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PE funds sniff out enhanced returns in small-cap space

By Jessica Penny
3 minute read

Lower entry multiples and a longer runway for growth are setting up small caps as an increasingly attractive prospect in private equity, an asset manager has said.

Private equity (PE) funds will see superior returns when investing in small and mid-cap companies as opposed to their large-cap counterparts, according to new research from Schroders.

Particularly as PE funds are now being offered to retail investors, historically being available only to institutions and high-net-worth individuals, the asset class is capturing the interest of a greater range of investors.

While PE funds that are well managed and have the right portfolio of investments can generate attractive returns, Claire Smith, Schroders head of private asset sales, said that a large fund size will not guarantee performance.

In fact, Ms Smith said that recent data is showing the opposite.

“Our research shows that, all things being equal, private equity funds that buy small and mid-cap companies statistically perform better than their large-cap peers thanks to a greater number of opportunities, lower entry multiples, and a longer runway for growth,” she commented.

Namely, small and mid-sized PE managers have, on average, outperformed their large PE counterparts, both on a net total value paid in (TVPI) basis for vintages after 2005 and on a net internal rate of return (IRR) basis for vintages after 2009.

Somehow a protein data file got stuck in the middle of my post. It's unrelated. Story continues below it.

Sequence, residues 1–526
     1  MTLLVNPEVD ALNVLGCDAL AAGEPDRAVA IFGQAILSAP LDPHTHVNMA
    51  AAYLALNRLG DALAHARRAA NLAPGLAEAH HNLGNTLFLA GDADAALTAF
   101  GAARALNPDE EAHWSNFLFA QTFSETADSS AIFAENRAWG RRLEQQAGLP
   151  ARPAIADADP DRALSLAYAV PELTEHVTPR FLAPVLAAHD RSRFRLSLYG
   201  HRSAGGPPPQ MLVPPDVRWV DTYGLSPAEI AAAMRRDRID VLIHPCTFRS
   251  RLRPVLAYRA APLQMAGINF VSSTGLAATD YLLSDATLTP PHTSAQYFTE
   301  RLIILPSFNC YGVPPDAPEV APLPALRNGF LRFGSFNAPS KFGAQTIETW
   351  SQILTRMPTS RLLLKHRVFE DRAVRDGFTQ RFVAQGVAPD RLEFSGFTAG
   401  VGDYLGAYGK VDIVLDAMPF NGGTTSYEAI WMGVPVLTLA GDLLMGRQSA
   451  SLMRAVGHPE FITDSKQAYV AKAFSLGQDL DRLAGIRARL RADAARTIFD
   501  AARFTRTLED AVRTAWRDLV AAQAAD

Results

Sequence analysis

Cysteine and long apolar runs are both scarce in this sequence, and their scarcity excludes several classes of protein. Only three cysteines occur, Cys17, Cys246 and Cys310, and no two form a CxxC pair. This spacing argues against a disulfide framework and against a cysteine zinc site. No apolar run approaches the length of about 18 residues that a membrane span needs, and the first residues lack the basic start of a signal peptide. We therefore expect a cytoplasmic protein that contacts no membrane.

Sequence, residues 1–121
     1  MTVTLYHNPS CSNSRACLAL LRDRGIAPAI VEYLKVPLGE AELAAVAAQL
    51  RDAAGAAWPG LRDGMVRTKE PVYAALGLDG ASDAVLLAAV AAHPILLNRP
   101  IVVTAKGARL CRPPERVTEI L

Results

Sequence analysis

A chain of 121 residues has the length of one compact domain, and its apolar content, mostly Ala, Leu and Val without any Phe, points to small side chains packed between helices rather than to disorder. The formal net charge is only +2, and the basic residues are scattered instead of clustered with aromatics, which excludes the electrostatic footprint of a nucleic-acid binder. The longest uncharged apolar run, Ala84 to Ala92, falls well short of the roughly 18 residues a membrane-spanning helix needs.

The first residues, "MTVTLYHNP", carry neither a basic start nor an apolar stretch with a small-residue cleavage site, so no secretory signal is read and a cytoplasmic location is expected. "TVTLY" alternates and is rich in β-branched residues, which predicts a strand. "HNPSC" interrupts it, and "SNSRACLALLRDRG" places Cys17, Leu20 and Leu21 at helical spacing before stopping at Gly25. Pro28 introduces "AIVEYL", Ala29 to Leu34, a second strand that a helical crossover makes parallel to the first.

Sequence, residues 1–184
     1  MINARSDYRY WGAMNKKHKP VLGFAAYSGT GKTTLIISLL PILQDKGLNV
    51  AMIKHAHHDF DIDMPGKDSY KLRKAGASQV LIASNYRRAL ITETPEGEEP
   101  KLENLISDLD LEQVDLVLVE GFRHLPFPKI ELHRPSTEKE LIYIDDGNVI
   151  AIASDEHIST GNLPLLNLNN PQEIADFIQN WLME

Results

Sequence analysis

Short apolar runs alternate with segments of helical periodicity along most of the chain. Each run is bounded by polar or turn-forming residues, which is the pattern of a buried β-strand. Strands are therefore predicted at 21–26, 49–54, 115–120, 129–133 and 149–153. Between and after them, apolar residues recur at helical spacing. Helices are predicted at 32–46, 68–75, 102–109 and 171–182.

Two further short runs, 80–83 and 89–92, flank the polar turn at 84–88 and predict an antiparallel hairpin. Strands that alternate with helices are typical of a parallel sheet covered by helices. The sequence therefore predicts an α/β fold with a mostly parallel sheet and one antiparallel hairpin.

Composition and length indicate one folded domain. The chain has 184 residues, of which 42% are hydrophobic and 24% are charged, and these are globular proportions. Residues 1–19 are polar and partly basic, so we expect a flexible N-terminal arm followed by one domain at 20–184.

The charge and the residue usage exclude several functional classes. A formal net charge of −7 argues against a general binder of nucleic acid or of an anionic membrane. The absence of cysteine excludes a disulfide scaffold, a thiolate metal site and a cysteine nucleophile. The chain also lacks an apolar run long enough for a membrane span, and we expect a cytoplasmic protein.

Ms Smith added that this trend has not been singular to one geographical region or investment strategy.

“Between 2000 and 2017 across Asia, North America, and Europe, small and mid-sized funds delivered higher net returns than large private equity funds, while small and mid-venture, growth and buyout funds also outperformed their large counterparts,” she noted.

Australia’s super industry, which as of September 2023 held $114 billion in unlisted equities, is struggling to reap the benefits, according to Schroders.

Specifically, big superannuation funds are forced to “put the capital to work” into larger deals due to lack of resources to filter opportunities outside of the large and mega-cap buyout space.

“So that’s where they go, and it’s costing them in terms of returns,” Ms Smith added.

The asset manager further highlighted the risk of compromised growth multiples for investors on the back of significant disparity between capital supply and demand.

Recent data from research house Preqin has shown that fundraising among large-cap funds between 2010 and 2022 grew by 10.7 times while deal flow grew by 3.6 times.

Comparatively, small and mid-sized funds saw deal flow growth of 4.2 times against fundraising growth of just 2.9 times, encouraging lower entry multiples and superior returns.

“These lower entry prices make a big difference. In short, we buy companies at low entry multiples while they’re small or mid-sized, and sell them up market when they’re large caps, ensuring a relatively better return for investors,” Ms Smith concluded.